Rates for benchmark routes for capesize bulkers that ship iron ore to China for steelmaking have slid to their lowest level in months as China’s real estate industry falls into deeper financial turmoil.

The average spot rate for the C14 roundtrip route between Brazil and China dropped 10% on Wednesday to $11,175 per day, marking its lowest point since 20 April when it declined to $10,268 per day.

The average freight rate for the C3 leg from Brazil to China also reached a multi-month low on Wednesday after declining 3.89% to $24.28 per tonne.

The last time it went below $24 was on 7 March, when it hit $23.60 per tonne.

The average freight rate for the C5 route from West Australia to Qingdao, China, fell 10% on Wednesday to $8.55, finding a new low since nearly six months ago when it came in at $8.132 per tonne on 18 February.

The capesize 5TC, a spot-rate average across five key routes, slid to its lowest level in more than three months by declining 9.21% to $14,824 per day on Wednesday.

It has not been that shallow since registering $13,571 per day on 21 April.

But Baltic Exchange analysts said they heard that Brazilian iron-ore giant Vale may be shipping some iron ore on the C3 route in line with prevailing rates, despite China’s fallen demand for the commodity.

“There was talk of Vale taking possibly four vessels last night for moving iron ore from Brazil to Qingdao at the level of $24 mainly for second-half August loading,” they said.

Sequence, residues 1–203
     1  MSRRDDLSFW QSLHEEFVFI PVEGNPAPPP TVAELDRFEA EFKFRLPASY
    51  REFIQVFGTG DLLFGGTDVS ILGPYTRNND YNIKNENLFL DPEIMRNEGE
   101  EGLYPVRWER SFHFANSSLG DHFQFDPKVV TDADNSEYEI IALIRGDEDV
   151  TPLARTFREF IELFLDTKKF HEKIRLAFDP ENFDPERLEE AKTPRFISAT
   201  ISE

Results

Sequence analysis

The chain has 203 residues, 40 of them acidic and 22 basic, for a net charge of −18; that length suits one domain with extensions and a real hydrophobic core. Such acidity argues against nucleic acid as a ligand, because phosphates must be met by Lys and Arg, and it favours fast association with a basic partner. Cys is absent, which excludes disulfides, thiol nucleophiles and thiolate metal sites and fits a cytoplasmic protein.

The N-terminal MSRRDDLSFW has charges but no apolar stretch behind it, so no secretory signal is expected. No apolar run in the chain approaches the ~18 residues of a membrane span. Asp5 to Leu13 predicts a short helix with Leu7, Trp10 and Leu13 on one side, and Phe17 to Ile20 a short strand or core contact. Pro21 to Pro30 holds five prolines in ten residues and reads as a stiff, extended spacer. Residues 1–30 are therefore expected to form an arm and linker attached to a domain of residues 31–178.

Vale hired Genco Shipping & Trading’s 177,700-dwt Baltic Bear (built 2010) on Tuesday to move 170,000 tonnes of iron ore from Tubarao, Brazil, to Qingdao, China, at $24.20 per tonne. Loading is set for 22 to 31 August.

The miner fixed Pan Ocean’s 175,100-dwt Pan Gold (built 2011) on Thursday to ship the same amount of ore on that route at $25 per tonne, according to Baltic Exchange’s fixture data.

These recent fixtures, however, do not soften the hard reality that China’s real estate sector has been struggling for much of 2022 after its government called upon property developers to pay down their debt.

Australian miner Rio Tinto produces iron ore at one of its mines in Palabra, Australia. Capesize bulker rates have fallen as a result of China’ s struggling real estate market. Photo: Rio Tinto

Evergrande Group, China’s second-largest property developer has been wrestling with $300bn in debt for months and has been ordered to pay $1.1bn to a guarantor for failing to honour debt obligations.

The company, which plans to sell its Hong Kong headquarters, has stalled dozens of building projects as a result, while China’s banks deal with a $350bn mortgage crisis as homebuyers refuse to pay mortgages on homes that Evergrande has yet to build, Bloomberg has reported.

“The recent reported economic numbers out of China point to a significant deterioration in activity, especially for the very important real estate sector,” Breakwave wrote in a report released on Tuesday.

“Such a crucial engine of economic growth is going through a recessionary period, and despite the significant stimulus activity by the government, the effort to convert such liquidity into tangible growth has so far failed.”